The independent fossil-fuel producer said it hoped to start production at the Lancaster field in the next few months and was continuing to search for partners to help develop its assets.
Lancaster is estimated to contain the equivalent of 2.6 billion barrels of crude oil.
Hurricane said Lancaster should produce its first oil before the end of June and commissioning work on the floating production storage and an offloading vessel had started. Output was forecast to climb to 17,000 barrels of oil per day by the Surrey-based company.
Estimated to hold around 500 million barrels of oil, the Lancaster field west of Shetland has seen limited exploration. But Hurricane founder Robert Trice says the area has huge potential.
The company is tackling formations called fractured basements below the main North Sea oil reservoirs that have been tapped. It is planning to develop a portion of the field to prove its projections for the area are accurate.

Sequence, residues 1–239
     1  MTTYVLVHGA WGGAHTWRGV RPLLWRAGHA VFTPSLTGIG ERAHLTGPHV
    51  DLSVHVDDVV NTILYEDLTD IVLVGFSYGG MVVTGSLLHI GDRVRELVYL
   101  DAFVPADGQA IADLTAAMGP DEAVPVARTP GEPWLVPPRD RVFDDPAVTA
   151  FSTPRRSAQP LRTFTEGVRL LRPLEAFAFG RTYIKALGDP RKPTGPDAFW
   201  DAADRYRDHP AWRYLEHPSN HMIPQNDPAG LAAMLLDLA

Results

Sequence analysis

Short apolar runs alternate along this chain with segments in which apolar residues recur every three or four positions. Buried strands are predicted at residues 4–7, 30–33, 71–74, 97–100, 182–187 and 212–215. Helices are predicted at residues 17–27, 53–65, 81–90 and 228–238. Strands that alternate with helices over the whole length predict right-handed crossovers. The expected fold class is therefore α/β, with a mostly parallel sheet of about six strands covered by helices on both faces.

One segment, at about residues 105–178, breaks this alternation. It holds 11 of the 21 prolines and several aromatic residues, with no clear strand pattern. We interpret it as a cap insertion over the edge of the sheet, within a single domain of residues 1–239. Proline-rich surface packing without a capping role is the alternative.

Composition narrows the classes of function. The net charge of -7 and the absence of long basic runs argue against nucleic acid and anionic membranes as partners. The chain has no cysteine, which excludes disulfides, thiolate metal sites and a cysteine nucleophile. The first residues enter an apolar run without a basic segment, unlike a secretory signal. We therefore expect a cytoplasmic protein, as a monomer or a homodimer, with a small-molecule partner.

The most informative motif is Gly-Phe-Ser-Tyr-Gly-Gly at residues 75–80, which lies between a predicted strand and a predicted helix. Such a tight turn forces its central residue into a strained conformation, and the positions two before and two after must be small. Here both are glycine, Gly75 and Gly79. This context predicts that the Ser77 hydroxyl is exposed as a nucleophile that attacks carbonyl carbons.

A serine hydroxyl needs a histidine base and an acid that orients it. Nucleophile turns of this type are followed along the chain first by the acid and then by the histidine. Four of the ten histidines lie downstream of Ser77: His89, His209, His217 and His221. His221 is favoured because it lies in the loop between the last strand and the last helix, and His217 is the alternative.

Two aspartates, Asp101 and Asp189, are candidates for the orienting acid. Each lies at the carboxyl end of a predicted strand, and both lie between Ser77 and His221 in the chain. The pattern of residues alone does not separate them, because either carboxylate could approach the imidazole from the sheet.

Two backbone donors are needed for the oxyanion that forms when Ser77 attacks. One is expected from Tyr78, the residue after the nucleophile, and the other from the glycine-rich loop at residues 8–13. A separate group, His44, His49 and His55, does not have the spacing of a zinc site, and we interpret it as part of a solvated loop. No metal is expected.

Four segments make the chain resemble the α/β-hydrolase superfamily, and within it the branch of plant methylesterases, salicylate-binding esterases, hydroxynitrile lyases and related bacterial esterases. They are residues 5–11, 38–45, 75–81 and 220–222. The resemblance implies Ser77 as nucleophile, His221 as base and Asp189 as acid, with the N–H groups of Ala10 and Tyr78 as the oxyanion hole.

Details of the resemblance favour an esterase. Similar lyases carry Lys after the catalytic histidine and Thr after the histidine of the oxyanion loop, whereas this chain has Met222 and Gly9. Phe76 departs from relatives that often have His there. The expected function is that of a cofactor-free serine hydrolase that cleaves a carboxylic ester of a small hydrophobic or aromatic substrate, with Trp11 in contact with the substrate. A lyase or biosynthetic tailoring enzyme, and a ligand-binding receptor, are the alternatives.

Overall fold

The start of production at Lancaster could generate profits to be used to develop other fields, the firm said.
Hurricane reported an annual underlying loss of US$14.6 million in 2018.
Trice, also CEO, said the company was still assessing options on how to fund the wider development of Lancaster if early production was completed successfully. “We will be looking for a field development partner whatever size that field may be,” the 58-year-old said. He founded the firm in 2005.
Hurricane is one of several North Sea-focused independents that have helped generate interest in the UK’s continental shelf despite challenging market conditions.
Neptune Energy and BP approved plans last week to develop the Seagull field off eastern Scotland, which was seen as evidence that the North Sea remained an attractive investment for the industry.
Hurricane’s chairman Steven McTiernan said the next 12 months could be “game-changing” for North Sea oil.
Three wells are due to be drilled in the Greater Warwick field this year to assess it. Spirit Energy bought a 50-per-cent stake of those licences for £387 million in September and said it would fund the drilling this year.
Spirit, which is part-owned by Centrica, bought into Greater Warwick in 2018, describing it as one of the last remaining world-class oil development fields in UK territory.
Shetland continues to attract interest. Picture credit: Pexels